- Keep your distance from wildlife. Wildlife is wild here even if it looks tame they are not!! Bison can run up to 35 miles per hour and most incidents with the wildlife occur from people trying to encroach upon the animals for photos.
Very spacious campground that, according to the ranger, has filled to capacity maybe three times in the last decade. I got in during the evening and found a great spot up from the road on a small hill. I imagine it would’ve been hot during the day because there was no shade there, but good for just one night I figured. Unfortunately, a t-storm rolled through around 2am (my fault for not checking the weather before - no service here - nor did I check the bulletin board for weather) and I figured it was best to move my tent to the wooded area. Not fun to do in the middle of the night but at least I staked it back in about ten seconds before the storm reached me (next 1.5 hours was rough though).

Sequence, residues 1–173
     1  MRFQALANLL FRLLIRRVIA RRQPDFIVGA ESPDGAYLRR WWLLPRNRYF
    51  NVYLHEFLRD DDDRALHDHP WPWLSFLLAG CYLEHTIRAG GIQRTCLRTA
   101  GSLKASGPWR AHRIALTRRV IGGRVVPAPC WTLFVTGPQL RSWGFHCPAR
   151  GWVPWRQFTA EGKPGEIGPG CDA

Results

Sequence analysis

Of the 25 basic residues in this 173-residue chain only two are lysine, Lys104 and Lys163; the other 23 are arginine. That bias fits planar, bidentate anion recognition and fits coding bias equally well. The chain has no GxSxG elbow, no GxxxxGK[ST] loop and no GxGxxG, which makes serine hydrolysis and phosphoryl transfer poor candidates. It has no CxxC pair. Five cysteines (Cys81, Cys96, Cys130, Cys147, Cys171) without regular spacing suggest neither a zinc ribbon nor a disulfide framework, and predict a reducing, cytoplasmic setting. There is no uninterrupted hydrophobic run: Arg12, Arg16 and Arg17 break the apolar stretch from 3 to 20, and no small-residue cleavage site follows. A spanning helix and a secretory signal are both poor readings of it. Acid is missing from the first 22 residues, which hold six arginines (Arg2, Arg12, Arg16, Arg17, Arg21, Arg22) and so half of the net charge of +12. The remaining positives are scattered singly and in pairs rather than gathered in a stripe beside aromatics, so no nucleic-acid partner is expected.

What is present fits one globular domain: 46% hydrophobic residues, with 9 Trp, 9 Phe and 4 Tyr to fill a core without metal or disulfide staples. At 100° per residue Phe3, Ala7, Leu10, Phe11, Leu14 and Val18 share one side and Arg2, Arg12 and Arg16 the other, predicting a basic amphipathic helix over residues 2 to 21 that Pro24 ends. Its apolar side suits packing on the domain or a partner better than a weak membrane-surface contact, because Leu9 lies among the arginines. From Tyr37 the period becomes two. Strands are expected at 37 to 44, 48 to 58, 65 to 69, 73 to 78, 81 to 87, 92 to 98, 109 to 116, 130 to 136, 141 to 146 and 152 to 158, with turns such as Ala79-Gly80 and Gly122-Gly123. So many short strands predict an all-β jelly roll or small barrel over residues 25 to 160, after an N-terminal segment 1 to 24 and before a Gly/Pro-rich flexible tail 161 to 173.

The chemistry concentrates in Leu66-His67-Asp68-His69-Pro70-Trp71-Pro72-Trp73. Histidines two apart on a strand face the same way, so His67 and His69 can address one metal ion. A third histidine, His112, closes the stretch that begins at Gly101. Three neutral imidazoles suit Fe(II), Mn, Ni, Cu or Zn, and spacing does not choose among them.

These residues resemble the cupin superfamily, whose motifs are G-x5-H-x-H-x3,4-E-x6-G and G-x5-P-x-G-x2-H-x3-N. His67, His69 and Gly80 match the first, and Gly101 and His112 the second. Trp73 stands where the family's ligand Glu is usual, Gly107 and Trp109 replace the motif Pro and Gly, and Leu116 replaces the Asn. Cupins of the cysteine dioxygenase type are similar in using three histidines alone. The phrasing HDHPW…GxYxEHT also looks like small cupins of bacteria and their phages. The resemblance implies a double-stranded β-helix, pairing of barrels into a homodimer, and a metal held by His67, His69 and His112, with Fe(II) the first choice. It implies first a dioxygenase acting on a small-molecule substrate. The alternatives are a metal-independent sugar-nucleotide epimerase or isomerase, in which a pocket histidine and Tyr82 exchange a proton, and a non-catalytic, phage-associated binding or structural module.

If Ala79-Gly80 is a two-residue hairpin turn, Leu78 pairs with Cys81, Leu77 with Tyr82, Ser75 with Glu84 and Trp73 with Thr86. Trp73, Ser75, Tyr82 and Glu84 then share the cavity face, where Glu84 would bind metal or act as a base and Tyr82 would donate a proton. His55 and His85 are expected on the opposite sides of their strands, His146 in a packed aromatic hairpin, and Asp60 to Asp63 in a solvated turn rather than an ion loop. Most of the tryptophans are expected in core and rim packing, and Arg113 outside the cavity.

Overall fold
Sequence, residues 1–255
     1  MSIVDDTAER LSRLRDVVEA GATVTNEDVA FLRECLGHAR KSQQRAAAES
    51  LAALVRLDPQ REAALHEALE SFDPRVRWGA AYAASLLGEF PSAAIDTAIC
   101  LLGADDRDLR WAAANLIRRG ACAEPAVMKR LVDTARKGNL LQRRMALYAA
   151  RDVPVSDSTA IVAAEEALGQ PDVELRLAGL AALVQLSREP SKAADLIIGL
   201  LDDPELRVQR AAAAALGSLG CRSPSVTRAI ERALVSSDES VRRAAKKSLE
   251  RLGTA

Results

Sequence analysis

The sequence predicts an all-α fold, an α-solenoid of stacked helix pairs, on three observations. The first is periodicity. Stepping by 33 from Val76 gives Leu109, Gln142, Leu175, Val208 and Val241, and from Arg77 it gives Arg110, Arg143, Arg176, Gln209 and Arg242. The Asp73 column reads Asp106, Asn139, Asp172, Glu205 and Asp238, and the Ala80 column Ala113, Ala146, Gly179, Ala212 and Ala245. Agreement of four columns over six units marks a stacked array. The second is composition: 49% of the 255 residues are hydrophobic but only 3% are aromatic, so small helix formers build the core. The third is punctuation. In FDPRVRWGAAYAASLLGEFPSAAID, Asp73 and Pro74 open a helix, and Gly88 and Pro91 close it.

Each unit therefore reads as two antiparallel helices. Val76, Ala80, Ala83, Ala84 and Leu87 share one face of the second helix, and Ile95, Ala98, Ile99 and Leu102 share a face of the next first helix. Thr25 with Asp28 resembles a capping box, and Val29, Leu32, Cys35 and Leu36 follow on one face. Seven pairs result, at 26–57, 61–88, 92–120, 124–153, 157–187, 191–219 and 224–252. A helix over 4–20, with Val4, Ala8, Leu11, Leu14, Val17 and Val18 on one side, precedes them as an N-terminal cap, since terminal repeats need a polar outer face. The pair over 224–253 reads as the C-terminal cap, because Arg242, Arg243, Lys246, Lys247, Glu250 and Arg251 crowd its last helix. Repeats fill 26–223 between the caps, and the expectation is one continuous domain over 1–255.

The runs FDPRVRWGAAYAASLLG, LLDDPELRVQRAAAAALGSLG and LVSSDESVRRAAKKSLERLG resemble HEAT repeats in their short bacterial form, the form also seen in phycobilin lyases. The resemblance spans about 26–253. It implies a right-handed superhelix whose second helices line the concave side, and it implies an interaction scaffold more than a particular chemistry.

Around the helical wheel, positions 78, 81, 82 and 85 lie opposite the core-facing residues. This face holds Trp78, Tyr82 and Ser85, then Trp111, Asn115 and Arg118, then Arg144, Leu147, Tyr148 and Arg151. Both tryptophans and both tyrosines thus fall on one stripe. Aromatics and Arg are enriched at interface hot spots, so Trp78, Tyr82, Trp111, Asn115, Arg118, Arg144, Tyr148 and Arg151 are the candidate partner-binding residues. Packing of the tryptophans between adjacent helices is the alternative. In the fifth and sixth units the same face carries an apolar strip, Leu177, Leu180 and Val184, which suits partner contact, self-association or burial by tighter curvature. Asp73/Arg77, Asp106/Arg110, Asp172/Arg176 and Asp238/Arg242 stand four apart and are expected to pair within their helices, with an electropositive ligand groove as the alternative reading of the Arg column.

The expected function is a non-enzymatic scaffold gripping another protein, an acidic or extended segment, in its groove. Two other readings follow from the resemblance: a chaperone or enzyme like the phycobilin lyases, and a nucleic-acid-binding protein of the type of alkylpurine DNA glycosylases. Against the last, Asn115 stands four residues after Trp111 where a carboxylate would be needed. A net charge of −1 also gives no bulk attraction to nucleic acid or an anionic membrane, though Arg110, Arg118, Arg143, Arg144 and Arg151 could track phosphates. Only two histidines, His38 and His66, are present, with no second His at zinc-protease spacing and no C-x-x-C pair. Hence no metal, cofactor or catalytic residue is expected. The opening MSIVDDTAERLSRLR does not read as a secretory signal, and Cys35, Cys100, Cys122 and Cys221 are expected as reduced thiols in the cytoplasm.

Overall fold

The wind cave itself was closed for exploring while I was there which was too bad. A knock on the park, though, not the campsite. Was right around the corner from the visitor center/cave entrance otherwise which is convenient.
I arrived in August 2019 to find the caves closed until September. I was very disappointed as coming back wasn't an option. I did camp at Elk Mountain--you find your site and then reserve it. There are few options for sites that aren't in the sun. Although according to the ranger the camp doesn't fill up, I would recommend getting your site early to ensure some shade. Bathrooms are nice and clean. No showers (at least where I was). Pleasant stay overall.
Really spacious campground with plenty of spots. Didn’t feel as crowded or too close to each other like a lot of other national park campgrounds. The Elk Mountain Campground is conveniently located to the visitor center and cave entrance. The Elk Mountain hike starts at the campground and is a nice little hike to do before you settle in for the night.